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Half-Mast Tsunami

January 06, 2005

My friend and I made the long drive to Altoona this afternoon for reasons that are best undisclosed and on our journey, we noticed that flags at several locations were being flown at half-mast. Actually, if the truth be told, it was my friend who noticed as I am generally cheerfully inobservant of such things.

She said, "I wonder why the flags are at half-mast."

I said, "Huh. Is it a holiday?" pouring through my recollections for a January 6th holiday and coming to the conclusion that it was not, unless Hallmark had declared a new one that I had missed somehow in my obliviousness.

After coming to the conclusion that today was not the anniversary of some military coup or something, we started thinking of other reasons that the flags might be at half-mast.

"Perhaps the president has been assassinated," I suggested wryly as she mused.

Finally we got distracted by the blinking lights of the power plant as we drove down the mountain and neither one of us gave it a second thought until we were back in Greensburg, me in the driver's seat of her manual-transmission car. As we jerked past the front of Admin, we saw that here, too, the flag was at half-mast. Surely something major was going on in the world that we had somehow missed!

So I get home, badly shaken from my second stick-shift experience, and signed online for the scoop:

The flags are half-mast in the nation until Friday in sympathy of the Tsunami victims in India.

"Following this morning's announcement, the three presidents visited the Washington embassies of Indonesia, India, Sri Lanka and Thailand." How about visiting the countries themselves to say it in person?

Hmm. Is this how we solve the problems of the world? Fly our flags at half-mast and throw some money at the problem? As the death tolls increase so do the collection totals, plus damn don't people feel good when they donate some cash to a good cause?

I thought of my friend Joline who frequently writes of the horrors people donating money to the animal shelter where she works put her through when she tells them that donating a couple bucks doesn't necessarily entitle them to buttloads of free stuff or whatever.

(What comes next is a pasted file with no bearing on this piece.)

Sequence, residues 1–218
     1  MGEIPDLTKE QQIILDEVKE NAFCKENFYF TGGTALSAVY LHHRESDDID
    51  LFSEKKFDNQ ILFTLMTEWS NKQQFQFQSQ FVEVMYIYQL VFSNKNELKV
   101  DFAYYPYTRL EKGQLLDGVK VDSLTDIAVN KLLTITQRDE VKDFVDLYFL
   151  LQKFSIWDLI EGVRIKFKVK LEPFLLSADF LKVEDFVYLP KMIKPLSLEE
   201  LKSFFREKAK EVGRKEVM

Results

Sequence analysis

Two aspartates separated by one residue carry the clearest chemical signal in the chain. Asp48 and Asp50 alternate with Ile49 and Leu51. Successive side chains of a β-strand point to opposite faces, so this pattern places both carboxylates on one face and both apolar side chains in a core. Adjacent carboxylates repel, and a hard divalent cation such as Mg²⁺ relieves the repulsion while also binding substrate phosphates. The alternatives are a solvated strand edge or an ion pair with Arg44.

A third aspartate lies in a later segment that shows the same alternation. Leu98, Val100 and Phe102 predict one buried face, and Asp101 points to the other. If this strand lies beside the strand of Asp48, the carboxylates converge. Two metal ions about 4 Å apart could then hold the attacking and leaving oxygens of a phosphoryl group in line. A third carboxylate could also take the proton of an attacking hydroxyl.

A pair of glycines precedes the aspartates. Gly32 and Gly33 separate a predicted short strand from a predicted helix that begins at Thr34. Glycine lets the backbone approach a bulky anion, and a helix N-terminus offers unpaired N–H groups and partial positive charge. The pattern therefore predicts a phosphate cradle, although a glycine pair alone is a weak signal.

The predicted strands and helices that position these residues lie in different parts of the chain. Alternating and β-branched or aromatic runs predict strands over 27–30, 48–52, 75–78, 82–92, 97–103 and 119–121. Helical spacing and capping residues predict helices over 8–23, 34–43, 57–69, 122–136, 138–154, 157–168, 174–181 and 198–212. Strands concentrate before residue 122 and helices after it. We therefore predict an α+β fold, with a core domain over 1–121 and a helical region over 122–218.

Is that who we as a nation are? Faceless entities with bucu-buckaroos? Are we really so far removed? I don't know. It just makes me feel sad.

I am sad that scores of people are dying across the world, yes, but I'm also sad that I have been raised in a culture so incredibly far removed from the horrors of live that I can scarcely imagine what it must like to lose everything, to have nothing, and to watch my countrypeople dying by the dozens around me. We are so incredibly blessed in America and yet we scarcely appreciate what we have.

My generation has always had it all. We've never suffered through depressions, through wars, through major tragedies. We have read about these events in our history books and sat back blissfully unaware of true horror. The sadness in me in deep and unending.

I look at my life and I can hardly appreciate all that I have: I have never wanted for food, shelter, or love. I have never lived in a war zone. I have never had to worry about whether I would survive the next year. I have clean clothes and warm shelter, hot coffee and prescription glasses. I have access to superior medical facilities (even if I can't afford to use them) and government support for my quality college education.

And yet I can never truly appreciate all that I have because it has always been there.

How can it be that I live in such opulent luxury and people half a world away are dying from poverty in the form of insufficient medical attention or backyard war zones? Why is there no balance? Isn't one human being's life as valuable as the next? What gives me the right to live a life of luxury while another human being dies in squalor? It just makes me sad.

My friend's been talking about joining the Peace Corps. I'm starting to think that wouldn't be such a bad idea.

Moira at 11:26 PM :: Comments (2) :: ::
Comments:

Those questions deserve answers from a couple of different levels.

From the bureaucratic level, international diplomacy is no childs play. The security required for the premiers to visit the grief stricken nations is enormous - it's not worth it to risk the vulnerability of the mother country. Besides, its not like the world didn't help. My grandfather was a diplomat - embassies are the safest zones in times of disaster.

From the layman's perspective - they donated clothes, food, money, and other extra necessities. Most days, that generosity is more than they can afford.

Joining the Peace Corps is a wonderful idea because ordinary people usually don't have access to sensitive areas. It isn't necessarily a faceless world. People are doing whatever they can, and for the most part, the effort won't be a wasted one.

Posted by: Neha at January 6, 2005 11:38 PM

I agree that we should have whole-heartedly given more service to the cause, but we are so isolated from the rest of the world. I heard that the governments of the countries affected would only accept money from the US. If that is not detachment for you, I don't know what is.

Posted by: Evan at January 23, 2005 12:28 PM
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